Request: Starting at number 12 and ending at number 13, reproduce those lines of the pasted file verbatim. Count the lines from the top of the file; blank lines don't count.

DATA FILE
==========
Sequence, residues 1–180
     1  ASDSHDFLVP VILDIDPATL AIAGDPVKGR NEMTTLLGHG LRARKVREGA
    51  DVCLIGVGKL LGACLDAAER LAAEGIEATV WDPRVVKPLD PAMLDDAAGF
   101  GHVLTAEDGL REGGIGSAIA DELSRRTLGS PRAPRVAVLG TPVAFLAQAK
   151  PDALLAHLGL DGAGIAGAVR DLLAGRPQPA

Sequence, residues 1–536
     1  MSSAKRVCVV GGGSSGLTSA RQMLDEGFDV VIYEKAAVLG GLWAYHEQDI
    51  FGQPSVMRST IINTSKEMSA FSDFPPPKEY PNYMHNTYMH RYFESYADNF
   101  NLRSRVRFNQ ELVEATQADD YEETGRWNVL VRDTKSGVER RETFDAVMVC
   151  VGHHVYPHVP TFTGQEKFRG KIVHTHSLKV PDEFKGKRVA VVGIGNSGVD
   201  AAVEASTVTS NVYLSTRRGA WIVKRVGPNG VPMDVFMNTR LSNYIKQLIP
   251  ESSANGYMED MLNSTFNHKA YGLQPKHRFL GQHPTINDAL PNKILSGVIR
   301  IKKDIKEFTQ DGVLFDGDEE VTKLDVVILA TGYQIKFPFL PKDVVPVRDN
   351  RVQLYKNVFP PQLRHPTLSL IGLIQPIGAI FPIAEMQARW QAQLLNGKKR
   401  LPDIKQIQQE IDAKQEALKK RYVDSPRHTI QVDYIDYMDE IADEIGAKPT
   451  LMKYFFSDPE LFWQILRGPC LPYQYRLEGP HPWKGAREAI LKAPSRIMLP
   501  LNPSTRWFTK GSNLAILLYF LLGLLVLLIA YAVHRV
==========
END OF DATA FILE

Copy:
   251  ESSANGYMED MLNSTFNHKA YGLQPKHRFL GQHPTINDAL PNKILSGVIR
   301  IKKDIKEFTQ DGVLFDGDEE VTKLDVVILA TGYQIKFPFL PKDVVPVRDN